Entering an illustrious circle inhabited by messrs Billy Wright, Bobby Moore, Sir Bobby Charlton, Peter Shilton, David Beckham and Steven Gerrard, Cole, who at 32 is perhaps still England’s best player, suffers from a very unique affliction.
Unlike the aforementioned centurions, he isn’t befitted with national treasure status. In fact, he is still vehemently disliked by so many – even being memorably booed by England fans at Wembley. But why is it still the case that someone who has served his country so well for over a decade is disliked by so many?
Ever since Sven-Goran Eriksson gave the defender his debut as a precocious 20-year-old in a World Cup qualifier against Albania, Cole has always remained somewhat unloved in comparison to his peers.
Always something of an introverted character with a prickly element to his personality where the media is concerned, Cole has never seemed intent on winning over hearts and minds. Essentially, he doesn’t care what people think of him, he simply likes to do his job very well and leave it at that.
And yet, even some of his biggest fans at Chelsea would admit he doesn’t help himself in this regard, for there is little doubt some of his previous actions have not made him an endearing figure to the masses.
Arsenal fans still vividly remember his rejecting of a contract extension from the club that discovered and nurtured him before signing for rivals Chelsea in 2006.
Various unsavoury media stories regarding his personal life, altercations with fans and bizarre training ground incidents have all played a part in the demonisation of his character.
Yet the flaw in using this logic as a stick to beat him with is baffling. Other England greats, past and present, have rivalled him in receiving their share of negative media attention.
It is for performances alone we must judge the man. When other star names beloved by many have gone missing at major tournaments, Cole has maintained his consistency and never shirked responsibility.
At Euro 2004, Cristiano Ronaldo was kept firmly in his pocket, something which was repeated two years later in Germany at the World Cup. Even at the disaster that was South Africa in 2010, Cole was perhaps the one player to emerge with any credit.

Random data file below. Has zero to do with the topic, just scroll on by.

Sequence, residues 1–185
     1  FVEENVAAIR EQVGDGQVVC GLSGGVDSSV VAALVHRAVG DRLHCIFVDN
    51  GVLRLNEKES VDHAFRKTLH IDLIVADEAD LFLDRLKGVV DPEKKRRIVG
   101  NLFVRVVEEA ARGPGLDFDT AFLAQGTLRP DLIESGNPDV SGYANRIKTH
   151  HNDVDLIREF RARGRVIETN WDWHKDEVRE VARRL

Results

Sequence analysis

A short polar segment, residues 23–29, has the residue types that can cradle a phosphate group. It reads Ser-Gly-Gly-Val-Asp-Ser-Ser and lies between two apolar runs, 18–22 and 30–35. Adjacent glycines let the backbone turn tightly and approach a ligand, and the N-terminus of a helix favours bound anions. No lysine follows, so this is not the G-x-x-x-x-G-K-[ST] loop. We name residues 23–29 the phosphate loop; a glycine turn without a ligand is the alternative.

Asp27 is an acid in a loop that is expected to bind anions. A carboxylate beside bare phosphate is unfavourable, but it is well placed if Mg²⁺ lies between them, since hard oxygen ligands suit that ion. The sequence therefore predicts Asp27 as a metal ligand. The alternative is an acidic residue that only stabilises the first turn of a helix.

At last year’s European championship, a penalty miss in the shootout against Italy still couldn’t deter even the most ardent of his detractors to admit he had a good tournament.
England’s other great left-backs, Kenny Samson and Stuart Pearce, have both been gushing in their praise of Cole, with the latter proclaiming him to be the best Three Lions player ever in that position.
In these barren decades of tournament disappointment, Cole has had as good an England career as one could realistically hope.
Over the years, his consistency, professionalism and dependency has won over detractors at least to the level of giving a begrudging respect. There has also been an enduring keenness about the player’s desire to play for his country, rarely pulling out of squads or giving the most mundane and tedious of friendlies a wide berth.
With the excellent Leighton Baines now breathing down his neck for the spot as Wayne Bridge did for many years before, there has undoubtedly been a renewed vigour in his international performances as of late.
When Cole steps out at Wembley, he should get the reception he deserves.
Considering the chopping and changing prevalent in international football, to be the only player to make it to 100 without a single substitute appearance makes it all the more remarkable.
In purely footballing terms, this is a fine player who could still grace any world XI – perhaps the only Englishman who can stake a claim for this at present.
When all is said and done, there is little doubt history will remember him as England’s greatest ever left back, every bit as worthy for inclusion as Gary Lineker, Gordon Banks and Paul Gascoigne in those endless all-time England XI discussions.
MORE: Man United latest news
MORE: Arsenal latest news
MORE: Chelsea latest news
MORE: Liverpool latest news